The Importance of Strategic Planning for Startups
It’s amazing how many companies don’t have the time or money to do it right the first time, but they always seem to be able to afford doing it over again.
Strategic planning is the only way to mitigate risk at the outset and to put yourself in a position to create opportunity once you’re up and running.
Consider the cost of a product launch
Even as a small business, you’ll spend hundreds of thousands of dollars getting your product or service to market. And then you’ll spend thousands more delivering it and building your business on top of it.
Strategic planning today is the closest you can get to an insurance policy for tomorrow; it pays to build it into resource planning.
While strategy isn’t easy, these five steps will get you started:
Set SMART goals.
SMART Goals are those that are Specific, Measurable, Achievable, Realistic and Time-bound. “Increase profit” isn’t useful direction. Help yourself and your team understand and remember what you’re trying to accomplish. An example SMART goal might be: We will increase sales by 40% by November 2018 and maintain a 22% margin.
Test as many of your assumptions as you can. Look at your competitors. Even if you’re seasoned in your industry, we can all stand to take a step back and look at the bigger picture. Market sizing, competitive review, industry trends — this is all information you need before you launch.
Formulate a Strategy.
If/then statements are helpful when building a marketing or overall business strategy. A Strategic Framework makes it even easier. Segmentation, Targeting and Positioning are helpful, customer personas are helpful, and frameworks are also very helpful.
Build a Brand.
One of the biggest marketing mistakes we see is companies who think a brand is nothing more than a logo.
In this day and age, customers are seeking a connection with values. Brands have to be dimensional and stand for something. They have to have a story. Or else you are a commodity, in which case, skip to phase five!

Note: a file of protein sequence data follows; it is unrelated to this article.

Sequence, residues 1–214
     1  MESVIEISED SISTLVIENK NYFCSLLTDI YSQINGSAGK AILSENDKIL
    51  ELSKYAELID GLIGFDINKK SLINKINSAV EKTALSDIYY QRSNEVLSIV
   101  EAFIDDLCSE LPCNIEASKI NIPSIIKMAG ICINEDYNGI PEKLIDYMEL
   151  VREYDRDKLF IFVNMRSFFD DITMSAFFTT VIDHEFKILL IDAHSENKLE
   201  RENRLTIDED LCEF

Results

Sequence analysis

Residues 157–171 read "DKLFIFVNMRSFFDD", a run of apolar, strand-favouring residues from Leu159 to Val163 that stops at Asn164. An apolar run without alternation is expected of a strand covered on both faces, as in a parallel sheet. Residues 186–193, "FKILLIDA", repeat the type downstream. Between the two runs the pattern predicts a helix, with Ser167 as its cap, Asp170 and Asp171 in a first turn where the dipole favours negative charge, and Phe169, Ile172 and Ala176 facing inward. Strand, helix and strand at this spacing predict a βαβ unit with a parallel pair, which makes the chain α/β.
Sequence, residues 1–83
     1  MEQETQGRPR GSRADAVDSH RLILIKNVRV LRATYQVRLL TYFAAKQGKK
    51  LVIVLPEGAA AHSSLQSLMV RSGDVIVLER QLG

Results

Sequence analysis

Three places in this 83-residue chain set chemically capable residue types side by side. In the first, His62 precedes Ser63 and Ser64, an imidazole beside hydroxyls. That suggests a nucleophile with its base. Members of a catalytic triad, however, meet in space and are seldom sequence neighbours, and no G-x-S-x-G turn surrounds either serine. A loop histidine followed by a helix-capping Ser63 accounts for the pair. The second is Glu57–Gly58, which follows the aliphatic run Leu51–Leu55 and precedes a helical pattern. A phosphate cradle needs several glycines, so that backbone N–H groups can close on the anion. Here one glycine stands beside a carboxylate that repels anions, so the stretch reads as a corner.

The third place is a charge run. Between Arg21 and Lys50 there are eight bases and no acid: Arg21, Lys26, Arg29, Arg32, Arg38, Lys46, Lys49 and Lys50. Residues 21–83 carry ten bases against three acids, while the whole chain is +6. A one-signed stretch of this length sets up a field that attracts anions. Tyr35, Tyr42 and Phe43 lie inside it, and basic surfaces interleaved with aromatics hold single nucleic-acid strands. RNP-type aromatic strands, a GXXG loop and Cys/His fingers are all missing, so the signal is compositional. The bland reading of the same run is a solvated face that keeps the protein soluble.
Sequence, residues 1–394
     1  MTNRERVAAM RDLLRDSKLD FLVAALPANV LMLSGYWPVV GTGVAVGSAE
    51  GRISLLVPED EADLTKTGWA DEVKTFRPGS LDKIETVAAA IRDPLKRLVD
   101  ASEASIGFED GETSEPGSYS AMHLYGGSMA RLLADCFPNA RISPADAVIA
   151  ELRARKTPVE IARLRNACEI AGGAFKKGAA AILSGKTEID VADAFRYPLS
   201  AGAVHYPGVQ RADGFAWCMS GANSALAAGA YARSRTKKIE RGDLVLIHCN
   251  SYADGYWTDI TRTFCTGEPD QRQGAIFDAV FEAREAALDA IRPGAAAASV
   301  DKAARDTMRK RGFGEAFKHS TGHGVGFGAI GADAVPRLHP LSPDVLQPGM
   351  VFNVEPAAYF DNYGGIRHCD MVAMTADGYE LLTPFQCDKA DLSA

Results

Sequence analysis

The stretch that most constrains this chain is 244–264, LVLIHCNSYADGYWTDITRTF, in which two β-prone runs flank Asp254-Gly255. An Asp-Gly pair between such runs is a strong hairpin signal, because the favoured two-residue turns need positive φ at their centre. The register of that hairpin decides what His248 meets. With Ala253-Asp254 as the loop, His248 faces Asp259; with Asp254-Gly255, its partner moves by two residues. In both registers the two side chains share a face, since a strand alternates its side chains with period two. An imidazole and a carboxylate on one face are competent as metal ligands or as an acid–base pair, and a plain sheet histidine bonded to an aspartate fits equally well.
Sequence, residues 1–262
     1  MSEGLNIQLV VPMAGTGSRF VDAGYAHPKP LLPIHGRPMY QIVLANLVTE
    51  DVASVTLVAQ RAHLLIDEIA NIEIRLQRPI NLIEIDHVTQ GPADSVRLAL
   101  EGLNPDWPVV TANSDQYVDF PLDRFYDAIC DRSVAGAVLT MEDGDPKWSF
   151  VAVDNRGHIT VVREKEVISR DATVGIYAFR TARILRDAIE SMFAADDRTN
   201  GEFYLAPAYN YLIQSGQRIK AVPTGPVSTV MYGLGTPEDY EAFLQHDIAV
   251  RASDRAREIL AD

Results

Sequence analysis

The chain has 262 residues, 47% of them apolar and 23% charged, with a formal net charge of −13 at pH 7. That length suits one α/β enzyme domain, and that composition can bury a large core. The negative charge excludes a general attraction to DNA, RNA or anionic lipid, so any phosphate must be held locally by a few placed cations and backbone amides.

Create a plan of execution and a method of measurement.
Whether you’re planning a simple billboard campaign or a full-on data-driven content marketing campaign, you need to have the clear plan of execution. You also need to have a plan for how you will measure to determine how well it performed (or didn’t).
By knowing at the outset what you expect from your strategy, you can optimize it to perform — and more easily direct others to do the same.
Building a culture of alignment around goals and strategy will you get off on the right foot with your start-up (or start-over). Sharing clear goals, research, strategy, branding and plans of execution will keep everyone on track and keep your organization learning and growing.
If you’re having trouble getting started, check out Macleod & Co.’s flat-fee marketing strategy package, Ignition.
Macleod & Co. also offers a free SMART Goals Workbook designed to help guide your company through the Strategic Planning Process. Click the button below to download.
Originally published on Business2Community.
About the Author: Tanya Korpi Macleod is the founder of Minneapolis-based Macleod & Co. After more than 25 years of marketing and advertising experience in the U.S. and Europe, Tanya noticed the chasm that often exists between an organization’s theoretical marketing “plan” and its realistic ability to execute it. This led her to pioneer in the concept of “holistic marketing,” which redefines marketing as the complete process of bringing a product, service or company from inception to maximum ongoing profitability. Her mission is to show organizational leaders that a holistic mindset not only promotes a healthier culture, but a more profitable business.